The Cybok project has released its v1 “Risk Management & Governance Knowledge Area”; I was a reviewer. Towards Automated Security Design Flaw Detection is an interesting paper from academics in Belgium and Sweden. Steve Lipner offers “Lessons learned through 15 years of SDL at work“ Charles Wilson has perspective on threat modeling devices in “Does…

Read More Interesting Reads: Risk, Automation, lessons and more!

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There was a really interesting paper at the Workshop on the Economics of Information Security. The paper is “Valuing CyberSecurity Research Datasets.” The paper focuses on the value of the IMPACT data sharing platform at DHS, and how the availability of data shapes the research that’s done. On its way to that valuation, a very…

Read More Valuing CyberSecurity Research Datasets

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There’s a fascinating paper, “Tuning Out Security Warnings: A Longitudinal Examination Of Habituation Through Fmri, Eye Tracking, And Field Experiments.” (It came out about a year ago.) The researchers examined what happens in people’s brains when they look at warnings, and they found that: Research in the fields of information systems and human-computer interaction has…

Read More Polymorphic Warnings On My Mind

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[Update: The final article is available at “That Was Close! Reward Reporting of Cybersecurity ‘Near Misses’,” at the Colorado Technology Law Journal.]  Last week at Art into Science, I presented “That was Close! Doing Science with Near Misses” (Slides as web page, or download the pptx.) The core idea is that we should borrow from…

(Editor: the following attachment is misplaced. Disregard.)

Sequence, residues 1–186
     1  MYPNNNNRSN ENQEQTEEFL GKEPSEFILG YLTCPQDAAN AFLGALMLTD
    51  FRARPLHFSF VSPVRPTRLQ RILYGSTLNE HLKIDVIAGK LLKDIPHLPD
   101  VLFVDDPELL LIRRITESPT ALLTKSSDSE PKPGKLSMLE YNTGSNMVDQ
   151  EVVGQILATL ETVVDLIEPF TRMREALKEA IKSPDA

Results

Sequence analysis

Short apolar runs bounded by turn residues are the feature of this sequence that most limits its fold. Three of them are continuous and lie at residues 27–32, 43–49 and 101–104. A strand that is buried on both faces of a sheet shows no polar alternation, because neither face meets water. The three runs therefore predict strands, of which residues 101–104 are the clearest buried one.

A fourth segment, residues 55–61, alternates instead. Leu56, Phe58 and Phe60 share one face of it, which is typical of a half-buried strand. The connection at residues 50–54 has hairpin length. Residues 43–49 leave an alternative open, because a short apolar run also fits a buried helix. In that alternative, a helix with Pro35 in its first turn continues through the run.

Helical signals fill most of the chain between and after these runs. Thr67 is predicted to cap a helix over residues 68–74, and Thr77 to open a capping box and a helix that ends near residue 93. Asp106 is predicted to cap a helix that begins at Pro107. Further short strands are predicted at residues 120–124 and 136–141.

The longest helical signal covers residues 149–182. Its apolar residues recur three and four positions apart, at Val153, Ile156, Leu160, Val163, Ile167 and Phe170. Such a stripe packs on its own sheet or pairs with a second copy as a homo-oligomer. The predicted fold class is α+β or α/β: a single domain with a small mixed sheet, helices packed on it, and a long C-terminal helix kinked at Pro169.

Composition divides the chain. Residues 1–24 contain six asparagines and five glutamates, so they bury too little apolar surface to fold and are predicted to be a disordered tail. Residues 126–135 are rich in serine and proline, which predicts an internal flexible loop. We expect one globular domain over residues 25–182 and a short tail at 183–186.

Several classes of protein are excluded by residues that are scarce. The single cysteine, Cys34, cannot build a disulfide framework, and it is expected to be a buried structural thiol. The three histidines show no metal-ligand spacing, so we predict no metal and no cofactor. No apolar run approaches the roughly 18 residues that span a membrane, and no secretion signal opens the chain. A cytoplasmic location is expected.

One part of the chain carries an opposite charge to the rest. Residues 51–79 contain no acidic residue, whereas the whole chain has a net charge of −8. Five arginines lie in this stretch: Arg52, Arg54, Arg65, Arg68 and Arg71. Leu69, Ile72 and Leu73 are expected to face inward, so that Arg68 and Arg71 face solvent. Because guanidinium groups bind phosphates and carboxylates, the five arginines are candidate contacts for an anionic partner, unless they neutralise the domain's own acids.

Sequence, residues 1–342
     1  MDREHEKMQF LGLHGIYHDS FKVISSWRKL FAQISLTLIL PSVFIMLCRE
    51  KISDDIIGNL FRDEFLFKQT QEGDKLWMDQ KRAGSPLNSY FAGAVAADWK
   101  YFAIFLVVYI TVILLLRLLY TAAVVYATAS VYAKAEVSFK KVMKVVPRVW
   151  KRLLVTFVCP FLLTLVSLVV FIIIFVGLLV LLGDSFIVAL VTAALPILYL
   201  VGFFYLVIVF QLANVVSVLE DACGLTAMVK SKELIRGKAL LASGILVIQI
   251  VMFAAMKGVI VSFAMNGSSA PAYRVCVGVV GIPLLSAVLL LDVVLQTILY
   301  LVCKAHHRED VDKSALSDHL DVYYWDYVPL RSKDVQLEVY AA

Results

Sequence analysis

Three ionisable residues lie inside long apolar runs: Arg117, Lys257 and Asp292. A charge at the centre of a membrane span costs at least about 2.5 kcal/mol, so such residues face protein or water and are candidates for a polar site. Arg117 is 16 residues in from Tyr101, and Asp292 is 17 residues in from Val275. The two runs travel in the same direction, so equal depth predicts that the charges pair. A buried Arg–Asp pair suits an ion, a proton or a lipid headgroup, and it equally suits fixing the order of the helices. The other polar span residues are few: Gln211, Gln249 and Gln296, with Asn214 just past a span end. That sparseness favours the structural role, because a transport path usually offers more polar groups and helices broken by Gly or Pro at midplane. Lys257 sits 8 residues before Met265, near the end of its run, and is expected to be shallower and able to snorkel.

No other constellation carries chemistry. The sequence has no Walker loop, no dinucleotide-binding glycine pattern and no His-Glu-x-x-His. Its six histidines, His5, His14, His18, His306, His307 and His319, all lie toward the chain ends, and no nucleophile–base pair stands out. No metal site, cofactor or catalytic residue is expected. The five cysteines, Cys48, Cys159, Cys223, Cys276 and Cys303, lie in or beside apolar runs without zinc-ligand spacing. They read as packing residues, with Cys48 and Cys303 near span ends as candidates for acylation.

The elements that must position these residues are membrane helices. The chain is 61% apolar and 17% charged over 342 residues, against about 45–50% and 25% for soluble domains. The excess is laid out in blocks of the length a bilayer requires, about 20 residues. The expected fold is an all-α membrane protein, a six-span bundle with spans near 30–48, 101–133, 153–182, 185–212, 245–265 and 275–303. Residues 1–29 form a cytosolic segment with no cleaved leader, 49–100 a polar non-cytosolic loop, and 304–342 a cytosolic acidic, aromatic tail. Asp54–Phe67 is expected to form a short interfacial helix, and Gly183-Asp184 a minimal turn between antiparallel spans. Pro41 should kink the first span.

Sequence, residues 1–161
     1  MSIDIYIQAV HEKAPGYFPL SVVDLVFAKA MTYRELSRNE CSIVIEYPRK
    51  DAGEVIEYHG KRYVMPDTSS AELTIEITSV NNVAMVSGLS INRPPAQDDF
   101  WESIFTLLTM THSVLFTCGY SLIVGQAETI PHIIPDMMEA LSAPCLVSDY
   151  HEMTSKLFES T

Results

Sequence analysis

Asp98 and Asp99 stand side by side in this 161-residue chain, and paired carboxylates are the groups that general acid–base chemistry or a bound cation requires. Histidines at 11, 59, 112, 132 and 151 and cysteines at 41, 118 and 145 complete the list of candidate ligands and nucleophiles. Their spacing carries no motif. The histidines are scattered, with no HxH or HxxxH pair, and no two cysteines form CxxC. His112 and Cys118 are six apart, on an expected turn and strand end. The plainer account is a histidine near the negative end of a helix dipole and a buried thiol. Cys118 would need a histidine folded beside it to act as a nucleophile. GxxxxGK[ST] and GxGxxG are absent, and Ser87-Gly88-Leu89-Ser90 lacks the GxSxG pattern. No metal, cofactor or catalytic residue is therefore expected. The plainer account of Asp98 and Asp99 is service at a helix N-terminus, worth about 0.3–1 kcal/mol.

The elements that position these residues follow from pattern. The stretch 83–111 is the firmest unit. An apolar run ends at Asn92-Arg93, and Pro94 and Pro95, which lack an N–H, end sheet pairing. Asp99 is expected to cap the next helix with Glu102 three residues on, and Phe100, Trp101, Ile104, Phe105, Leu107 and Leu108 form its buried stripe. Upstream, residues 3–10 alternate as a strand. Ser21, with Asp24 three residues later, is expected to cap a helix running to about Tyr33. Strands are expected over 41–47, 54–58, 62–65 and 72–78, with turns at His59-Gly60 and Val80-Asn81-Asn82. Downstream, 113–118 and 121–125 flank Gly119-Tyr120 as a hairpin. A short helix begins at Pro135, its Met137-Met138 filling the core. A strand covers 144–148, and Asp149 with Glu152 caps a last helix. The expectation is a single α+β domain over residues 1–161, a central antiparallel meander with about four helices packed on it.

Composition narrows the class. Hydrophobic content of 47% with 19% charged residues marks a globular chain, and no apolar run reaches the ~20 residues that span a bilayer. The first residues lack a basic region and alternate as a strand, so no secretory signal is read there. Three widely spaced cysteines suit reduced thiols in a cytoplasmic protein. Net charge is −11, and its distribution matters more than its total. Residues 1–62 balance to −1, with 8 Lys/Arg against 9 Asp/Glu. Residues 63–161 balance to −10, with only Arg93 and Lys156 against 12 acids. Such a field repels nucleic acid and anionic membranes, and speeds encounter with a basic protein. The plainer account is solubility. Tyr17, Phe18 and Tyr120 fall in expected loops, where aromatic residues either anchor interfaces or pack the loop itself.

Read More Doing Science With Near Misses

“[Mukhande Singh] said “real water” should expire after a few months. His does. “It stays most fresh within one lunar cycle of delivery,” he said. “If it sits around too long, it’ll turn green. People don’t even realize that because all their water’s dead, so they never see it turn green.”
(Unfiltered Fervor: The Rush to Get Off the Water Grid, Nellie Bowles, NYTimes, Dec 29, 2017.)
So those things turning the water green? Apparently, not bugs, but features. In unrelated “not understanding food science” news, don’t buy the Mellow sous vide machine. Features.

From his very first experiments, he could see that these animals were unrelated to jellyfish. In fact, they were profoundly different from any other animal on Earth.

Moroz reached this conclusion by testing the nerve cells of ctenophores for the neurotransmitters serotonin, dopamine and nitric oxide, chemical messengers considered the universal neural language of all animals. But try as he might, he could not find these molecules. The implications were profound.

Read “Aliens in our midst” at Aeon.